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Boeing Chair Scheduled for Discussions with Key Airline Customers, CEO Not Included, Sources Share

incidents that have raised concerns about aircraft safety and regulatory oversight.
The Boeing logo is seen on the side of a Boeing 737 MAX at the Farnborough International Airshow, in... The Boeing logo is seen on the side of a Boeing 737 MAX at the Farnborough International Airshow, in Farnborough, Britain, July 20, 2022. REUTERS/Peter Cziborra/File photo
incidents that have raised concerns about aircraft safety and regulatory oversight.
The Boeing logo is seen on the side of a Boeing 737 MAX at the Farnborough International Airshow, in... The Boeing logo is seen on the side of a Boeing 737 MAX at the Farnborough International Airshow, in Farnborough, Britain, July 20, 2022. REUTERS/Peter Cziborra/File photo

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Boeing Chair Scheduled for Discussions with Key Airline Customers, CEO Not Included, Sources Share

Major airline executives are planning to engage in discussions with Boeing’s board chair, Larry Kellner, omitting CEO David Calhoun from the meetings. This decision comes in the aftermath of an Alaska Airlines mid-air emergency and persistent production issues, sources familiar with the matter disclosed.

A group of U.S. airline CEOs sought meetings with Boeing directors to express their apprehensions regarding the recent Alaska Airlines 737 MAX 9 incident. According to the Wall Street Journal, this move signifies an unusual level of frustration with Boeing’s ongoing challenges and its CEO, Calhoun. An airline source, privy to the meetings, revealed to Reuters that the carriers aimed to address their concerns directly with Kellner, a former CEO of Continental Airlines, who can empathize with their frustrations regarding continual delays and quality concerns.

In the U.S., the CEOs of American Airlines, United Airlines, Southwest Airlines, and Alaska Airlines intend to hold discussions with Kellner, as per another airline source. These talks, anticipated to involve at least one additional Boeing director, will also include some major foreign airline clients, according to sources familiar with the situation, who spoke on condition of anonymity. While Boeing CEO Dave Calhoun supports these discussions, he will not participate, as confirmed by a company official.

A Wall Street analyst expressed skepticism about the decision to exclude Calhoun from the meetings, indicating potential implications for his tenure at the company. However, the analyst chose to remain anonymous due to the sensitivity of the matter. Boeing emphasized its proactive approach to listening to its customers across various levels within the company.

American, United, and Alaska Airlines declined to comment on the matter. Southwest Airlines stated that it maintains regular communication with Boeing and sees no changes in that regard. Calhoun, who assumed the role of CEO in 2020 following two fatal 737 MAX 8 crashes, has pledged to address quality issues and prevent incidents like the recent mid-air emergency on Alaska Airlines from occurring again.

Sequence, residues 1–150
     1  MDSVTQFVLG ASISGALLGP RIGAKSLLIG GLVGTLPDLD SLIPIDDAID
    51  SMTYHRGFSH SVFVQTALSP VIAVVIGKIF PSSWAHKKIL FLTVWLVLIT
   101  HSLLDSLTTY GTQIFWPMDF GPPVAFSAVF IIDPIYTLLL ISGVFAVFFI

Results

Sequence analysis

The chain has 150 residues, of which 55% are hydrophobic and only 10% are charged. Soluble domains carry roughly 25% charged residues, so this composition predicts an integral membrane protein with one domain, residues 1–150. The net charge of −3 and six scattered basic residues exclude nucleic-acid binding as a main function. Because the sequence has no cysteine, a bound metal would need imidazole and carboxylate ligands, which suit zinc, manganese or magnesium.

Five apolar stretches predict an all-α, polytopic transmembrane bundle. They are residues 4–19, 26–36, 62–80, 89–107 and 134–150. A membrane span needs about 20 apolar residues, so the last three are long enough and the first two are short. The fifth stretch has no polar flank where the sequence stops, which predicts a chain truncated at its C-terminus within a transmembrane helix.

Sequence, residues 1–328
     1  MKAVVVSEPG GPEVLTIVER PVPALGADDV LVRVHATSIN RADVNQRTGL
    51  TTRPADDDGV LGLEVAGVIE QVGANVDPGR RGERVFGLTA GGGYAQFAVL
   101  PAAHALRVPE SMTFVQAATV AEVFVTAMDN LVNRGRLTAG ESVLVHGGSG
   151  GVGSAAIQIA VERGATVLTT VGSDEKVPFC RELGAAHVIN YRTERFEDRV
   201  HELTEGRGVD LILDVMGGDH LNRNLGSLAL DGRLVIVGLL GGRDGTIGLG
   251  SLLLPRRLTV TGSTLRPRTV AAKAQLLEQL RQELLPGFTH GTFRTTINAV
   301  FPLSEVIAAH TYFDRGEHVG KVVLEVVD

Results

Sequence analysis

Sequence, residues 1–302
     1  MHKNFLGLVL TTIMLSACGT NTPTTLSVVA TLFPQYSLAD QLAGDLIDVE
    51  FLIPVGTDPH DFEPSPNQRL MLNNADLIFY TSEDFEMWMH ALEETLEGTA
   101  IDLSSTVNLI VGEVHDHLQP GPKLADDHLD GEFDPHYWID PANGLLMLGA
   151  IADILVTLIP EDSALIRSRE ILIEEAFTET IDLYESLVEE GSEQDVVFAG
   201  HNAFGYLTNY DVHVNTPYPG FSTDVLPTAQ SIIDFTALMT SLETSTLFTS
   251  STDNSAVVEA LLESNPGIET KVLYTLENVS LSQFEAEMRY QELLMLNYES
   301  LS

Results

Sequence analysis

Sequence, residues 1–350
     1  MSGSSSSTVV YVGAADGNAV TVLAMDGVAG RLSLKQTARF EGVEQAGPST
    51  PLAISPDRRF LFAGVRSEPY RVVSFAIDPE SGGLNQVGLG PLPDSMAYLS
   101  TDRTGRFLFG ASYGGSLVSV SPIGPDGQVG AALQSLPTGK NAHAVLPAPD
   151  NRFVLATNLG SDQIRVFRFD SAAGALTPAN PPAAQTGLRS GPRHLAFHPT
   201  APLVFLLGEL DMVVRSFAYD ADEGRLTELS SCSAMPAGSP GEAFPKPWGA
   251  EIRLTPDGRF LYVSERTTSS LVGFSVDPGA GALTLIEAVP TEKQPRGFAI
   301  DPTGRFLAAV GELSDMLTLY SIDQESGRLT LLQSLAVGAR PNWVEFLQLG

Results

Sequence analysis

Michael O’Leary, the CEO of Ryanair, Boeing’s largest European customer for the 737 MAX aircraft, disclosed to Reuters on Wednesday that he was holding discussions with senior company executives in Dublin to address prolonged delivery delays.

The backlog of orders and delays in receiving planes have become a source of frustration for airline executives. As a result, some airlines have begun reducing routes and exploring alternative options to meet the anticipated surge in passenger demand this spring.

Federal Aviation Administration (FAA) chief Michael Whitaker emphasized on Tuesday that Boeing must enhance its safety culture and address quality concerns before the agency approves any increase in 737 MAX production. The FAA took the unprecedented step in late January of informing Boeing that it would not permit an expansion of 737 MAX production following the Alaska Airlines mid-air emergency incident.

Whitaker clarified that the FAA will only authorize a production increase once Boeing demonstrates a safely operating quality system. He asserted that the FAA possesses the necessary tools to hold Boeing accountable and intends to utilize them fully.

Currently, Boeing is permitted to manufacture up to 38 737 planes per month, although the actual current production rate is lower than that, according to Whitaker. Boeing’s Chief Financial Officer, Brian West, acknowledged on Wednesday that the company had opted to limit production rates on the 737 program and anticipates feeling the repercussions of this decision in the coming months.

In a separate development, the Justice Department has initiated a criminal investigation into the cabin panel blowout incident involving the MAX 9 aircraft in January. The National Transportation Safety Board has revealed that the aircraft in question was missing four crucial bolts.


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